Those first two paintings are so touching. In the first, the little girl seems frightened. I wonder what she's looking at?In the second, it seems there is a red shadow of a halo around the baby's head, almost Christlike. And the mother is not much bigger than her baby. All in all, really really sad.
In the first painting, what is that at her feet?
I was always leery of the Vw. Slave labour was used by the company in WW2. It took until the 1990's... for VW to reimburse and apologize for their use of humans as slaves. At least they eventually did...but I was sad when I saw people give the company money back in the old days. Not ethical.Philip Mendlowicz is a Polish Jew who was a slave laborer at Volkswagen. He now lives in North York, ON, Canada. He commented: "They wanted you to be an animal. They didn't care if you fell down sick. They sent you to the death camp. There were always more to take your place."A final agreement has been reached in which the government and certain industries in Germany will equally finance a $7.5 billion (U.S.) fund which will be dispersed to victims of Nazi persecution.Some estimates are: A total of 8 to 12 million slaves worked for the Nazi war machine. 1.5 to 2 million have survived to 1999. The average slave worked for about 7,000 hours over a two year period. 10 The average age of a survivor in 1999 was almost 80. A formal claims resolution mechanism will be launched in mid 2000-JAN. Payments are expected to begin by the end of the year 2000.
oops...I meant to leave the above comment and quotes at previous post...sorry.
Of course you are quite right, Candy. I respect your feelings. Also Krupp. Mercedes-Benz. And the aircraft companies. And on and on.Here is my own problem. I lived among the German people for a couple of years, and I found them to be an admirable people. Whereupon, my feelings became muddled.Late in life, for better or worse, I have chalked all of that up to extreme capitalism, the logical and inevitable end game when we allow capitalism to run amok—a temporary imbalance in labor/management relations, if you will. We should forgive but never forget. I cannot arrive at any other satisfactory approach to the subject.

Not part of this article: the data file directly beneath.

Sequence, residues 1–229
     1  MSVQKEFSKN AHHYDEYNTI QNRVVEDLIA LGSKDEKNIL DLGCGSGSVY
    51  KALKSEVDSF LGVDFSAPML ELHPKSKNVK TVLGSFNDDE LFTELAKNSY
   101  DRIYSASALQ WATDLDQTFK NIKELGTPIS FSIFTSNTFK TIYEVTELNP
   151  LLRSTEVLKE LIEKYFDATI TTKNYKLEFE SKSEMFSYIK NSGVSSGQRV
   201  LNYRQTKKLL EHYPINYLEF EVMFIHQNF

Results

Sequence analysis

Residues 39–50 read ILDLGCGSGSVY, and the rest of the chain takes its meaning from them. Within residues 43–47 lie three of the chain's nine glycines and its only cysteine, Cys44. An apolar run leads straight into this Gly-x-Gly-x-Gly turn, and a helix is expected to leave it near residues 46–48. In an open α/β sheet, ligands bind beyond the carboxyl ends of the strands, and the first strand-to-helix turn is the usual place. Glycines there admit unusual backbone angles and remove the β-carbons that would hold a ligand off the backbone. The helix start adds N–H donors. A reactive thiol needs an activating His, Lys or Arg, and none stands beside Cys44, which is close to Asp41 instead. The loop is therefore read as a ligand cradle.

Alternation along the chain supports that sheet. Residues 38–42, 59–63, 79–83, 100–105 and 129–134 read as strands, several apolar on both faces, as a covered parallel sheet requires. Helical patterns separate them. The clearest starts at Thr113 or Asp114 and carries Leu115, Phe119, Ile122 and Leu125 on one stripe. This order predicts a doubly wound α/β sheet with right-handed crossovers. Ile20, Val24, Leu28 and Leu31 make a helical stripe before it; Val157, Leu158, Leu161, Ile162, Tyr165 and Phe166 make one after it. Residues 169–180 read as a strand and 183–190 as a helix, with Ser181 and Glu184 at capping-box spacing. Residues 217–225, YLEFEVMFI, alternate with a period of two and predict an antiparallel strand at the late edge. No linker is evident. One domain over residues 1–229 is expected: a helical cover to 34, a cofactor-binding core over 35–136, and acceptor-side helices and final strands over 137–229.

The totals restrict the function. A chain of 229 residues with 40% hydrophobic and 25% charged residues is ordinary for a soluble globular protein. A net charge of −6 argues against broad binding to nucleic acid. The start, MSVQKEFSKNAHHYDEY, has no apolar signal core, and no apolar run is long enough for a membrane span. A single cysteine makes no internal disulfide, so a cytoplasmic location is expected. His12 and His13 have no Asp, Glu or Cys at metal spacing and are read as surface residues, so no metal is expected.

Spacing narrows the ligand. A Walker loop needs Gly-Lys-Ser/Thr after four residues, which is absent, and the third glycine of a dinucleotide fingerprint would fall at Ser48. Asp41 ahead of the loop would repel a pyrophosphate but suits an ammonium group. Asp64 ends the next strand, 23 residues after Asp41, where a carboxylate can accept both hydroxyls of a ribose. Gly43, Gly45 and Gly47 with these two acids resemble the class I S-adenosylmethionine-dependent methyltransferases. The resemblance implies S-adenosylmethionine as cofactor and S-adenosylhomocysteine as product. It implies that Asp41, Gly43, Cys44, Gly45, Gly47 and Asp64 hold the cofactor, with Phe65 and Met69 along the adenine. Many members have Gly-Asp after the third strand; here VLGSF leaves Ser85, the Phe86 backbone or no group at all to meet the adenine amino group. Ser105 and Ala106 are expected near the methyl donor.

My problem, Beej, is that my mind has been polluted with trash. My enjoyment of that first painting, in particular, is seriously compromised because of those Keane “Big Eyes” paintings. I so wish I had never seen them so that I could better accept Siqueiros's little girl's eyes for what they are and not what they remind me of.
Oh, and I looked pretty intently at that stuff at her feet, too. I have concluded that it is simply trash--stuff that would not be good for her little bare feet to walk on.
Oh goodness, now that you mention it, that first painting does kind of resemble those 'Big Eyes' paintings.
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